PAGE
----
Linn and Benton County commissioners will soon be able to assist small business owners with federal CARES Act funds being allocated by the state.
Gov. Kate Brown announced this week that the state will divide $55 million among Oregon's 36 counties, with the amount each receives based on population.
Linn County Commissioner Roger Nyquist said he and fellow Commissioners John Lindsey and Will Tucker will develop a plan on how to distribute approximately $1.4 million at their meeting on Tuesday.
“Clearly, we’ve been asking for help for small business for some time,” Nyquist said. “We are pleasantly surprised, and we will be working through the details.”
Nyquist said the logical next step would be to “leverage this money with the outreach work already being done by the Albany and Lebanon chambers of commerce.”
Nyquist said the small business community “appreciates the governor’s acknowledgement of how her two-week freeze order is affecting small business,” but added that to have real impact, “she should put another zero behind the figure.”
Nyquist said that if 500 small businesses in Linn County apply for assistance, the payout would be about $3,000 each.
“When you look at these restrictions, there is a huge imbalance between small businesses and the big box stores,” Nyquist said. “We are really concerned that at the end of this two-week period, the number of positive tests will be much higher than when we started.”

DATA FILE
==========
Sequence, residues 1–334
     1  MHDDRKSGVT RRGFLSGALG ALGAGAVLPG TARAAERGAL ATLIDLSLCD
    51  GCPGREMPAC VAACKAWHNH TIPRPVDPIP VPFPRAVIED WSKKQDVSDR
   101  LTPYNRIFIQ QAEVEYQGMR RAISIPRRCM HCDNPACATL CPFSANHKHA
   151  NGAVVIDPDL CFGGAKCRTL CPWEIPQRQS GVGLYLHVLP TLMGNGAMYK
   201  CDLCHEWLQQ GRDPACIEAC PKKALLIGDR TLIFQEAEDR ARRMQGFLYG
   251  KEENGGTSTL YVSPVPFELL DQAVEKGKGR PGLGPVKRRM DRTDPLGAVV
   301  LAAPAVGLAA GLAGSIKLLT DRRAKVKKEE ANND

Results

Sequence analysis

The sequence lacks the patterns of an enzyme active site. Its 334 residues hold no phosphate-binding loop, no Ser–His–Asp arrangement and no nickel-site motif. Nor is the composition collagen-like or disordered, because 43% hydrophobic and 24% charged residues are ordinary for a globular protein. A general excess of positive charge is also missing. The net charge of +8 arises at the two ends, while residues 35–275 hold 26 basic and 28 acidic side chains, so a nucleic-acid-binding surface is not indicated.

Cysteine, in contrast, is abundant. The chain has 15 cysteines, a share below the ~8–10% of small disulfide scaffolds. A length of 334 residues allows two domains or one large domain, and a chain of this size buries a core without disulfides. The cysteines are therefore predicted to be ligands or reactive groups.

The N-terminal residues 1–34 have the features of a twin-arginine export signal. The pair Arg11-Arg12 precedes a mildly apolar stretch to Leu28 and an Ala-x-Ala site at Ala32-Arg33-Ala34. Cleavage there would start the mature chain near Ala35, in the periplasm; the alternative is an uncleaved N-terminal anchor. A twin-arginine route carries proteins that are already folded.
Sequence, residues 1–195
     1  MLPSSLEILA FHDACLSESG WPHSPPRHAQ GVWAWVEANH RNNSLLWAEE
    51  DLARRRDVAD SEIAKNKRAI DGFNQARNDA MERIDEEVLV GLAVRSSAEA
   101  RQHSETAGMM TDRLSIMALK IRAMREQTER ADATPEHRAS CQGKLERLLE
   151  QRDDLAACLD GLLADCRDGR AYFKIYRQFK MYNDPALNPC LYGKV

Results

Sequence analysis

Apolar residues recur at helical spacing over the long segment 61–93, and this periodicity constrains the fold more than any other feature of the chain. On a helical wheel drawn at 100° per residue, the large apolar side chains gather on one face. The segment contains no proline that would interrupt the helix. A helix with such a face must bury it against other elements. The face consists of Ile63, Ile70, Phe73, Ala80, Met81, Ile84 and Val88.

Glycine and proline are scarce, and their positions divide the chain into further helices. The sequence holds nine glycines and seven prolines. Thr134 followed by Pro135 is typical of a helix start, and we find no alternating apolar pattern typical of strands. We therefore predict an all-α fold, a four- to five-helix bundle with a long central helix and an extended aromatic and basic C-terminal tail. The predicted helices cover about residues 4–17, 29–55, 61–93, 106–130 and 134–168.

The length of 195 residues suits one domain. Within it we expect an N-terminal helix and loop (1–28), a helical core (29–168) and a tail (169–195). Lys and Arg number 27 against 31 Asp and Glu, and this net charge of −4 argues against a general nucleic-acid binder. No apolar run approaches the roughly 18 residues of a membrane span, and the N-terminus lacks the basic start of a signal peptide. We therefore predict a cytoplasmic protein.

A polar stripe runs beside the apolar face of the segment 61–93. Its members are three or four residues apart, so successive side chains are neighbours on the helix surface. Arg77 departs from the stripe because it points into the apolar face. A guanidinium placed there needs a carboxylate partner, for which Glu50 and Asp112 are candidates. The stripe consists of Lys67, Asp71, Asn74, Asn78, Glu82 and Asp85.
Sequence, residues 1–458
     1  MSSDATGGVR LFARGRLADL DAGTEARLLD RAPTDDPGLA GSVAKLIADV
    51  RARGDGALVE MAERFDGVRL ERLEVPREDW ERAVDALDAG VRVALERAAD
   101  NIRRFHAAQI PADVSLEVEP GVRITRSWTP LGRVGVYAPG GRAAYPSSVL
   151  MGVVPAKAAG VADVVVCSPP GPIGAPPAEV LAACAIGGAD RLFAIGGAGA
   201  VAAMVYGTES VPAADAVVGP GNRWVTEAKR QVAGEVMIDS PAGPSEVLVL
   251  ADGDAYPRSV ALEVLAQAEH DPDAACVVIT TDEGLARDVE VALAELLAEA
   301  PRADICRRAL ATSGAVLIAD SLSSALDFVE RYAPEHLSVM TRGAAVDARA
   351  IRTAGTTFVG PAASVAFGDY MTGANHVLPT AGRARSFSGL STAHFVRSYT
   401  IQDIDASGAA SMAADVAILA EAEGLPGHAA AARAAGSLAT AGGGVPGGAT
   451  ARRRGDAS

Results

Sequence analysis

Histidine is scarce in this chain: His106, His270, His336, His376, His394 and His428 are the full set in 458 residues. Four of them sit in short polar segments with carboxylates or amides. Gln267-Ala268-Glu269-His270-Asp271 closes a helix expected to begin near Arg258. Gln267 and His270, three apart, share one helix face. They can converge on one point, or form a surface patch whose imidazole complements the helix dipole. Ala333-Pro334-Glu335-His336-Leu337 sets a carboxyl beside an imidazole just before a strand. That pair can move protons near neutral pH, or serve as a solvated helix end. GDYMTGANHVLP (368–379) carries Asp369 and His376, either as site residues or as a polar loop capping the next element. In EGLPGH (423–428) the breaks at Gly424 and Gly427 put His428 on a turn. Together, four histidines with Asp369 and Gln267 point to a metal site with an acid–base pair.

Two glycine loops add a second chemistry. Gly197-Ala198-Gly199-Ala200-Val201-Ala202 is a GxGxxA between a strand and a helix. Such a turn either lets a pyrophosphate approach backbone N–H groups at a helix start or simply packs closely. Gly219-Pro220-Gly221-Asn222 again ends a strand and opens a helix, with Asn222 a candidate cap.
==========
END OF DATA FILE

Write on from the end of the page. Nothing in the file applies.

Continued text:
Nyquist said he believes many people took advantage of the governor’s five-day grace period between when she announced the freeze last Friday and its statewide implementation on Wednesday to visit others and “have an almost spring break-like” event.
“People acted like they only had four or five days to do things,” Nyquist said. “There seemed to be much more activity around town.”
Benton County Board of Commissioners Chair Pat Malone said the county doesn’t know how much it will receive, but he believes there is a $500,000 minimum for each county.
Malone said that in previous CARES Act funding rounds, the county allocated 30% for rural areas, as well as businesses owned by women and minorities.
“It’s too early to speculate, but we will be deliberate in our process,” Malone said. “We may take applications, put them into a pool and then have a drawing. It likely won’t be first come, first served.”
Gov. Brown said funding should lean heavily toward hospitality-based businesses, as well as businesses owned by African Americans, Native Americans and the historically disadvantaged.
“Our iconic Main Street businesses have sacrificed too much already in this pandemic,” Brown said.
Brown initiated the two-week freeze — which reduces church gatherings to 25 indoors or 50 outdoors and caps admittance to retail businesses at 75% — after the number of coronavirus cases in Oregon reached record highs, topping 1,000 new cases some days.
Contact Linn County reporter Alex Paul at 541-812-6114.
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